You need to set boundaries because people like this are always looking to take advantage of good hearted people

      • +1 vote

        you can't just block then out like that

        Yeah, you can. People own investment properties to make coin, not provide public housing.

    • +1 vote

      Yes :-(

      Basic thinking would have gone a long way tbh… People would walk all over you and find every loophole and excuse to make your life miserable if you let them.

  • +3 votes

    There is govt bond loan for people who can’t afford the bond.

    • +23 votes

      People that can’t pay the bond can’t pay the rent. Op is learning it the hard way.

      • -12 votes

        Sweeping generalisation.

        • +9 votes

          Perfectly prudent generalisation until we invent crystal balls.

        • +6 votes

          pretty accurate generalisation and one you should ALWAYS adopt when renting out a property. It is a business not a charity.

          • +2 votes

            @gromit: Not even a business/charity issue - by making concessions for late payments or lower than necessary incomes, landlords are actually contributing to these tenants living beyond their means and causing undue stress to the tenants as well as themselves.

        • +3 votes

          This is one of those sweeping generalisations that make sense.

      • +6 votes

        Yeah that's unfair, I had to borrow money for my bond but haven't missed a payment at all. Couldn't afford a grand plus in one hit but I didn't have any other choice.

      •  

        My bond was paid with a housing loan. Never missed a rental payment in the 8 years I stayed in that place. It's a lot harder to find $1500 + 2 weeks rent as opposed to just 2 weeks rent.

  • +6 votes

    Unfortunately it seems she has done this in the past and knows 'the game'. Which is why she threatened you. And,with a small child,she holds all the cards. Be civil, and try and get some trusted advice before it gets messy.

  • +1 vote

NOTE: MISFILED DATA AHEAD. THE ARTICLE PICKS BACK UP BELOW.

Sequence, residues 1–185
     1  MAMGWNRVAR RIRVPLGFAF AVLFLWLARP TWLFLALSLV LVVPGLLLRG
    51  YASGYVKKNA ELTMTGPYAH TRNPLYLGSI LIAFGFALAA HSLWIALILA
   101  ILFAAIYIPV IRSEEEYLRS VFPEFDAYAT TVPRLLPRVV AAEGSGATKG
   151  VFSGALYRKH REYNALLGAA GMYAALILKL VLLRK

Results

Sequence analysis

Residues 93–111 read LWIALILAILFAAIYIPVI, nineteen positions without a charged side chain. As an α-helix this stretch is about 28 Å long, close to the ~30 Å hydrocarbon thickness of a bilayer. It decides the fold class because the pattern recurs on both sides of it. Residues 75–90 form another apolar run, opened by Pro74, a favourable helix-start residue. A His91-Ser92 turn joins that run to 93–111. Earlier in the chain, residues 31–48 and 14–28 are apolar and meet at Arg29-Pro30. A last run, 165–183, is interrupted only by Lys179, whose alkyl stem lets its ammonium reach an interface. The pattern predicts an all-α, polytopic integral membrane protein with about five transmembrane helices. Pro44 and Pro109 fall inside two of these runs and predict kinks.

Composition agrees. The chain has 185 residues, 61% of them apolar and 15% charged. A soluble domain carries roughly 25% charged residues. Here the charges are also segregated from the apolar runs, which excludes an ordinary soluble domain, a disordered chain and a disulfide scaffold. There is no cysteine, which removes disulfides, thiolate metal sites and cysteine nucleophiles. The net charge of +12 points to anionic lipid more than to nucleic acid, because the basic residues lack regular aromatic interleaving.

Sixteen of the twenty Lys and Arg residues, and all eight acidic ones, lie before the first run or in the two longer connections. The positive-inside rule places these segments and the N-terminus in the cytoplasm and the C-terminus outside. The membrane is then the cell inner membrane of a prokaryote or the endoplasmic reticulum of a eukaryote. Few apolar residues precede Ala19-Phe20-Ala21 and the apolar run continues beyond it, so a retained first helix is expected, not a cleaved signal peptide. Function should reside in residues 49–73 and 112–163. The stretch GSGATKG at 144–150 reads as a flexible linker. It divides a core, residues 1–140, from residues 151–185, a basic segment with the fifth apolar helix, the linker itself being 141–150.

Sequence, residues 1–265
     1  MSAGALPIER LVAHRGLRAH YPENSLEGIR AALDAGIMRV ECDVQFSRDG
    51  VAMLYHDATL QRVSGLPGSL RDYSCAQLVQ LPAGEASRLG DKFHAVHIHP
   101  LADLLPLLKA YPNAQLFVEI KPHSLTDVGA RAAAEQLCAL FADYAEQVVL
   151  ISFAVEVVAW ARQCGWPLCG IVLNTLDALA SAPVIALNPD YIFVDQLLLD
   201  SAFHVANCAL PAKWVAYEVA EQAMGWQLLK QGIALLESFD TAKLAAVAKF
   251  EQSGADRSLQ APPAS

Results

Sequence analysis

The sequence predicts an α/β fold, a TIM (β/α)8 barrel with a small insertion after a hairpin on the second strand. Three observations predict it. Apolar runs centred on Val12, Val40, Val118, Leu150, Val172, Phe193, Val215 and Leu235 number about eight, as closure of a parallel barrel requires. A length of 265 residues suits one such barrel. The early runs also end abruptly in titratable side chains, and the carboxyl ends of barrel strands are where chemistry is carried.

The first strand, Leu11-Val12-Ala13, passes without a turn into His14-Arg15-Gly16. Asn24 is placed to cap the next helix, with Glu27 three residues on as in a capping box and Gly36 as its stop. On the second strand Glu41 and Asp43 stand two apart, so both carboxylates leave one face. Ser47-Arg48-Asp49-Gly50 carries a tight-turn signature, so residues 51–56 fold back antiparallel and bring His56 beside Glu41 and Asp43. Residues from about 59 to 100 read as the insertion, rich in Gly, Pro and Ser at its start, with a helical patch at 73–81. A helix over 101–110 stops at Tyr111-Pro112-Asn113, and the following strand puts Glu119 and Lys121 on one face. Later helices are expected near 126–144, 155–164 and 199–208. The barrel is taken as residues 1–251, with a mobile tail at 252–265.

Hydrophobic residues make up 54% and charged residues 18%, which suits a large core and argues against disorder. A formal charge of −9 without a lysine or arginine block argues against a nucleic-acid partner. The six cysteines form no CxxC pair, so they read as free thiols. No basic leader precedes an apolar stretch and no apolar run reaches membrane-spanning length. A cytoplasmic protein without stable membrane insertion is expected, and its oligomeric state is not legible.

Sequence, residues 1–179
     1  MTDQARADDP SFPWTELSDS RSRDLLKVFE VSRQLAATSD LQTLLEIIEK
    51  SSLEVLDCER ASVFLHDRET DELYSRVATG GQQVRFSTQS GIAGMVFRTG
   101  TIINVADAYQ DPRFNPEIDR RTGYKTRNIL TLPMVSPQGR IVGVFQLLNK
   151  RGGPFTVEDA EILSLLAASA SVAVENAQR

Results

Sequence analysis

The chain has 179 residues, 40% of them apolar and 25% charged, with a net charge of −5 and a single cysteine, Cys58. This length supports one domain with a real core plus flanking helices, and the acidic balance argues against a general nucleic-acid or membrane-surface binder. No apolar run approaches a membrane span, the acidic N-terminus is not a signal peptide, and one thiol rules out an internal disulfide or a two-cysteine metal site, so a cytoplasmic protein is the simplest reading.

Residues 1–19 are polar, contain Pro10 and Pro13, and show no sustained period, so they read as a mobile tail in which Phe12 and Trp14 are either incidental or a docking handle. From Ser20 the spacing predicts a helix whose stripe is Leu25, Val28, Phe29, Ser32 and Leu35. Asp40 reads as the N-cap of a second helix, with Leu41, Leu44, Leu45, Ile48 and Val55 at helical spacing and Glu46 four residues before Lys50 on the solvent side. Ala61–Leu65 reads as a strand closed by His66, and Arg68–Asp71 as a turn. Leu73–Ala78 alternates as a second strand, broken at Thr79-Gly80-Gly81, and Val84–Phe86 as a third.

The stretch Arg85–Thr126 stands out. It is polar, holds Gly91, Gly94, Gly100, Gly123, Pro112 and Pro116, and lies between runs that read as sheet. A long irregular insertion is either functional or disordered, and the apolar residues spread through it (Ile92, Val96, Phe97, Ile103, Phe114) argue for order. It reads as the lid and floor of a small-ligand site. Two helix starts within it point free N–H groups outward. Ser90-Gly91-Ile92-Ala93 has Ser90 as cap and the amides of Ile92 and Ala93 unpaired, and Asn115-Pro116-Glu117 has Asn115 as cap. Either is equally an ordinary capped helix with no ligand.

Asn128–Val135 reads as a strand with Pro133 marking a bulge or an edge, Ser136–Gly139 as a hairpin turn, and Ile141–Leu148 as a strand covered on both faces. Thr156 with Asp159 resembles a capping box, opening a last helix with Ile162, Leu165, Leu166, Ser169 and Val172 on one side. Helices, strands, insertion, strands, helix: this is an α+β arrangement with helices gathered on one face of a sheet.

Don't worry about it. Just make sure she leaves and you can bring in a paying tenant.

  • +3 votes

    Bikies

    •  

      Out of curiosity… anyone know if this is actually an option in this day and age? Also, I'd heard that IF you do 'retain their services', they have a tendency to keep coming back for more of the… 'payments for services rendered
      (as defined post-job by themselves). Doesn't seem a wise road to go down anyways, but I'm assuming you jest' for the most part. Sure could be tempting though for some depending on the circumstances. Especially where the courts and police can have little to no options to 'correct' a situation wherein someone has genuinely been taken advantage of.

      •  

        No sane person would truthfully answer that

      • +1 vote

        Not Australia but here's an informative review of hiring bikies for a concert i USA: https://en.m.wikipedia.org/wiki/Altamont_Free_Concert

      • +1 vote

        You into footy? Just google Ty Vickery and Jake King's little "arrangement" regarding a debt.

        Retaining "bikies" is more common than you think.

        •  

          Well, that certainly is one example. Hard to know if or how common it might be though. Safe to assume it could be happening but just as safe to say may be quite rare.
          Still, interesting read. Thanks for adding that zeg'.

      • +1 vote

        Yes, they are an option but it's a slippery slope as they will keep evidence against you and ask for return "favours".

        •  

          Very well put brad. As tempting the idea is even if just a passing thought when in a particularly dire situation this is far better they way to get past such an 'idea'. Bit like dealing with 'loan sharks'… a long and slippery slope.

          •  

            @Chris Farley: Yes, Mum's side of the family were SP Bookies from the 1930s-1990s. Not a nice business and I remember my Uncle telling me how upset he'd get having to have someone's ankle broken if they wouldn't pay their debts.

            One of my work colleagues has "associations" with OMCs and is constantly being pulled over and licence checked (serves him right).